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Amtrak’s long-distance routes, lightly traveled and expensive to run, are the biggest drag on Amtrak’s finances, and the states on those routes should be required to help pay for them, a new analysis says.
The 26 routes of less than 400 miles brought in $47 million more than they cost to operate in 2011, while the 15 routes of more than 750 miles lost $598 million, according to an analysis issued Friday by the Brookings Institution.
State support was crucial to the success of the shorter routes, as the states provided $185 million, or 31 percent, of those routes’ revenue in 2011.
Current law requires states to contribute to the costs of routes of less than 750 miles, and “it should be a top priority to expand the requirement for state operating support to include the long-distance routes,” said the report by Brookings, a Washington-based research institute.
The federal law that regulates Amtrak and other rail operations is to expire in September. A reauthorization of that law should require more costs be borne by the states served by Amtrak, the report said.
In Pennsylvania, Amtrak has said it will end its $8 million-a-year contribution for running the popular Keystone service between Philadelphia and Harrisburg on Oct. 1.
Pennsylvania, which already spends about $9 million a year to underwrite Keystone operations, has its own financial woes and is negotiating with Amtrak to avoid service cuts on the route.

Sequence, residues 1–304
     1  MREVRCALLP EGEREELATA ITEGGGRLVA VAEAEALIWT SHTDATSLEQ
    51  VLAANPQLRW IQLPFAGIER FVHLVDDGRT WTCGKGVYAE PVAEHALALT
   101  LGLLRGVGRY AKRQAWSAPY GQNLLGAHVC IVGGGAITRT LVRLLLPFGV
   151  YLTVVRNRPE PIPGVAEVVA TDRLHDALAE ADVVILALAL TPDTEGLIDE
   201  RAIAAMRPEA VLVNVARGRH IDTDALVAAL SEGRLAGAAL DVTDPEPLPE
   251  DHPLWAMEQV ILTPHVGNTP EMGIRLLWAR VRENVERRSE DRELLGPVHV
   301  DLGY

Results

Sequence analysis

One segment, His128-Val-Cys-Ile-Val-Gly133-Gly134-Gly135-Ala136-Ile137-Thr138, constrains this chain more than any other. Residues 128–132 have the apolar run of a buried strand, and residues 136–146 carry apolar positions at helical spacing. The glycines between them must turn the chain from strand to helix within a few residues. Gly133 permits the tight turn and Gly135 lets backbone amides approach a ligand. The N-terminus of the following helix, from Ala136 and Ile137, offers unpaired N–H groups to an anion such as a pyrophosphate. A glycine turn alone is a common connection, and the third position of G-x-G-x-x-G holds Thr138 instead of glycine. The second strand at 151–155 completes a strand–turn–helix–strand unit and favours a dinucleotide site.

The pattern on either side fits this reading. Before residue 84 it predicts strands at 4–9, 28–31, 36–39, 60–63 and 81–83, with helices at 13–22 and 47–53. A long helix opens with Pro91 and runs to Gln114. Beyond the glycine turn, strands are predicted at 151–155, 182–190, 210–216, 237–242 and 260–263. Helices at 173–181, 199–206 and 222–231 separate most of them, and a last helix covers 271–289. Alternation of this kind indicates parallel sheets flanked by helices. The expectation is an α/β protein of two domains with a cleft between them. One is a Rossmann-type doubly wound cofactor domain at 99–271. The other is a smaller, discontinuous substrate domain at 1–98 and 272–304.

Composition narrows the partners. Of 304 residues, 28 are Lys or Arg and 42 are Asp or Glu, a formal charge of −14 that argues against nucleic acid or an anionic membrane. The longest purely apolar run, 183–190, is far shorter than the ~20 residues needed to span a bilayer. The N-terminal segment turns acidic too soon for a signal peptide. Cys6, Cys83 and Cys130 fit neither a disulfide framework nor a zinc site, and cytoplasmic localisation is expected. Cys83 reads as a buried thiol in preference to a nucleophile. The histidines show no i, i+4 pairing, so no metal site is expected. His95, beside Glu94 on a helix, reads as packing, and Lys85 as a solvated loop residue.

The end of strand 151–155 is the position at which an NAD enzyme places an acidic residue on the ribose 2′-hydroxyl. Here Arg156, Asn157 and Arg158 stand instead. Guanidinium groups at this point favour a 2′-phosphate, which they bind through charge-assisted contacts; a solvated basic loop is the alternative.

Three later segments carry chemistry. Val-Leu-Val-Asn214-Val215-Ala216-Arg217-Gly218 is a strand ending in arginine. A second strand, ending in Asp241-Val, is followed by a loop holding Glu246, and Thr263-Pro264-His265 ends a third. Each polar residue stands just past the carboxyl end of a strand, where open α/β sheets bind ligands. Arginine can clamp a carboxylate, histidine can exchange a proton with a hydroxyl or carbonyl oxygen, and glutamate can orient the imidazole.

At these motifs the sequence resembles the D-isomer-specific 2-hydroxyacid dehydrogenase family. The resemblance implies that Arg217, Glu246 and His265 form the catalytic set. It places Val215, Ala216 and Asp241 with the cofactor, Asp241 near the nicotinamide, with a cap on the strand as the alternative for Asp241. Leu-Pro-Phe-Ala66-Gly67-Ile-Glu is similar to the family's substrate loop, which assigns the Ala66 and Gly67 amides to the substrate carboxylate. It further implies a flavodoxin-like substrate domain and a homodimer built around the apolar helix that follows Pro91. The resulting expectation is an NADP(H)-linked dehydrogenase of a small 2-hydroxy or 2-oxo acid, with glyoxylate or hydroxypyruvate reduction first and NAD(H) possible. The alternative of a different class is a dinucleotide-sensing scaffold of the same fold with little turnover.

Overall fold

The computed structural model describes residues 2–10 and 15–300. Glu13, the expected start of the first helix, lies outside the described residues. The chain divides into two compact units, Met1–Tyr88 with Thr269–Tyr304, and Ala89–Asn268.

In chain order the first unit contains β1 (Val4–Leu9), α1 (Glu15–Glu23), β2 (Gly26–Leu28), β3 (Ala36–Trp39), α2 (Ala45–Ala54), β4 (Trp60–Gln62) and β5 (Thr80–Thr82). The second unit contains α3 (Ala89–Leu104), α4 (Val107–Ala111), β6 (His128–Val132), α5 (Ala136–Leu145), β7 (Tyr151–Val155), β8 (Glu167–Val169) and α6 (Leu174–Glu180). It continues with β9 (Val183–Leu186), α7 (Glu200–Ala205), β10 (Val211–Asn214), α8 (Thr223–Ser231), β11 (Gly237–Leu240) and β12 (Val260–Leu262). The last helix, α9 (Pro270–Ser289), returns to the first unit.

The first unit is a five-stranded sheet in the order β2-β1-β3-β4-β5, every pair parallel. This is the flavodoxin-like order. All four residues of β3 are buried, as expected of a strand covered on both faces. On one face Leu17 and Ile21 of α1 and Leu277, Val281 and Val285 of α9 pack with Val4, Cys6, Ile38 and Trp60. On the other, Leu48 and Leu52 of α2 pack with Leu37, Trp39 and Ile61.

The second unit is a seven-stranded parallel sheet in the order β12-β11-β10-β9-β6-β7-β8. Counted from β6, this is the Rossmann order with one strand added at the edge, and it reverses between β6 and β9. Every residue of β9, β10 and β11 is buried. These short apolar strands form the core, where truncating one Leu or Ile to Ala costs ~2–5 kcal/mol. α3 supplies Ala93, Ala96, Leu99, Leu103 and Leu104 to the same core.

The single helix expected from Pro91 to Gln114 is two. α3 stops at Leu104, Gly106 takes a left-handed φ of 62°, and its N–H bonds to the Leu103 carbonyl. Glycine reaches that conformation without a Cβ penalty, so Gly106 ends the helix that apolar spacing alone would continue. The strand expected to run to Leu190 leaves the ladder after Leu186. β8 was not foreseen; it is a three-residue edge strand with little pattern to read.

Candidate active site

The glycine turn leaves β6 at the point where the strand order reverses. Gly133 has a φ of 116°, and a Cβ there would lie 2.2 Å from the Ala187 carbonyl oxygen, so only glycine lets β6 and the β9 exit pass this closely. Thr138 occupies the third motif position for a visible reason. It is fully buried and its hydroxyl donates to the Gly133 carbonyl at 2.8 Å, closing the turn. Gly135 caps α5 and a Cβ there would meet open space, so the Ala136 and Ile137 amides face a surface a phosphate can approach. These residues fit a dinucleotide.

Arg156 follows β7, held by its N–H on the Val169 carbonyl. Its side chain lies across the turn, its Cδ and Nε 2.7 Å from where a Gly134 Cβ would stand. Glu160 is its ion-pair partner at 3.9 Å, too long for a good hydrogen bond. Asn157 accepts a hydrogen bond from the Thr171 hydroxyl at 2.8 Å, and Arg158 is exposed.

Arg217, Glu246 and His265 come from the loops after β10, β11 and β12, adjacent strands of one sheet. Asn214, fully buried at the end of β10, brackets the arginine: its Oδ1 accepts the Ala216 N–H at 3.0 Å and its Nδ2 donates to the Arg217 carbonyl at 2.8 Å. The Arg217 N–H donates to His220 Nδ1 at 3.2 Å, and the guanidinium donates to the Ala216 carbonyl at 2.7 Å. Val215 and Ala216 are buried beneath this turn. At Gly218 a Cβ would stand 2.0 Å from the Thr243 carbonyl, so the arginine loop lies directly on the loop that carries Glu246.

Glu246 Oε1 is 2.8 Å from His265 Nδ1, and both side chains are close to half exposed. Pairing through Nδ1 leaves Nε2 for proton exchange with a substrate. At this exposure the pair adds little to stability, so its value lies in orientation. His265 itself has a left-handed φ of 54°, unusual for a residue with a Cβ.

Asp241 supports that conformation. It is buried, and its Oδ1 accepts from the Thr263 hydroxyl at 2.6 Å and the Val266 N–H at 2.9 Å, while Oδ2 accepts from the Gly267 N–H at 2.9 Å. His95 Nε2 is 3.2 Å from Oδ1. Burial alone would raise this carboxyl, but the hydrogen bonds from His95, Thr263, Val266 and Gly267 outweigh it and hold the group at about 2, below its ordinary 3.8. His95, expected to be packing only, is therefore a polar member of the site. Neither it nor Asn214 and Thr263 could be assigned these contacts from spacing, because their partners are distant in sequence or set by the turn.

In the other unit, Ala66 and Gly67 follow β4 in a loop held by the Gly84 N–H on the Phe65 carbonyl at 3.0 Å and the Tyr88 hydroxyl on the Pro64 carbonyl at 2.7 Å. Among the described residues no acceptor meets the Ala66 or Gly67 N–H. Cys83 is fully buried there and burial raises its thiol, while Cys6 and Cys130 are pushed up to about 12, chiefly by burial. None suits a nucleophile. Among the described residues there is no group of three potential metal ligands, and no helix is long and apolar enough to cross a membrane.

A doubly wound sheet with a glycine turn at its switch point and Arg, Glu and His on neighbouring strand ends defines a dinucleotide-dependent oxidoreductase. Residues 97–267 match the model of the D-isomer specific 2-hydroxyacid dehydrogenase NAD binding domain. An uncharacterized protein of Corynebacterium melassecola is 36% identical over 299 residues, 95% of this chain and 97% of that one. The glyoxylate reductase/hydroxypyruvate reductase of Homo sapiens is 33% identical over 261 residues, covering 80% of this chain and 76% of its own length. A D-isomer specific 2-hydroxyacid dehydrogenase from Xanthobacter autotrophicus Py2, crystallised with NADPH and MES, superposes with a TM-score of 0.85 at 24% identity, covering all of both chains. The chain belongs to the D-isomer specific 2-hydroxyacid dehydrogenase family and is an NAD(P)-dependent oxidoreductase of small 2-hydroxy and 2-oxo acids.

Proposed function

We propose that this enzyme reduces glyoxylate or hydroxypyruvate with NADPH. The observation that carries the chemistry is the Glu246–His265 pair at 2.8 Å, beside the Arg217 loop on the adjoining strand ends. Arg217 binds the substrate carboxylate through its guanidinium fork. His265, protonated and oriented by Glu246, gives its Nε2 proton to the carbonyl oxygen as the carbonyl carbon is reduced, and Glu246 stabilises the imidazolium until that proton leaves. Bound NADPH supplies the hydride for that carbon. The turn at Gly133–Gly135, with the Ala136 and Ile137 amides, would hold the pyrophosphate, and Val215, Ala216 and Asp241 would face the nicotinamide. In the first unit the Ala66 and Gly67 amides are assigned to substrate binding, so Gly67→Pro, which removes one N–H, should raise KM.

And possible extinction faces the Pennsylvanian, the once-a-day passenger train that operates between Pittsburgh and Harrisburg (and continues on to Philadelphia and New York). That route gets a $7 million annual subsidy from Amtrak.
Amtrak routes of less than 400 miles carried 83 percent of its 31 million passengers, while the longer routes carried 17 percent of the passengers but constituted 43 percent of Amtrak’s operating costs.
“If states cannot agree that certain routes are worth supporting, then they should be scaled back in much the same way as short-distance routes,” the Brookings report said, suggesting that states could replace trains with buses if they don’t want to share the rail costs.
Amtrak has enjoyed ridership that is growing faster than air or auto passenger travel, though planes and cars carry far more passengers than trains do.
Ridership is up 55 percent since 1997, and last year’s 31 million passengers gave Amtrak its ninth ridership record in the last 10 years.
Federal operating subsidies have declined during that period, from $700 million in 2005 to $466 million this year. Congressional foes call every year for an end to taxpayer support.
Dedicated funding, from such sources as ticket taxes, car rental fees, or vehicle sales taxes, could help do away with Amtrak’s annual financial uncertainty, the report said.
(c)2013 The Philadelphia Inquirer. Distributed by MCT Information Services.
The full report is embedded here: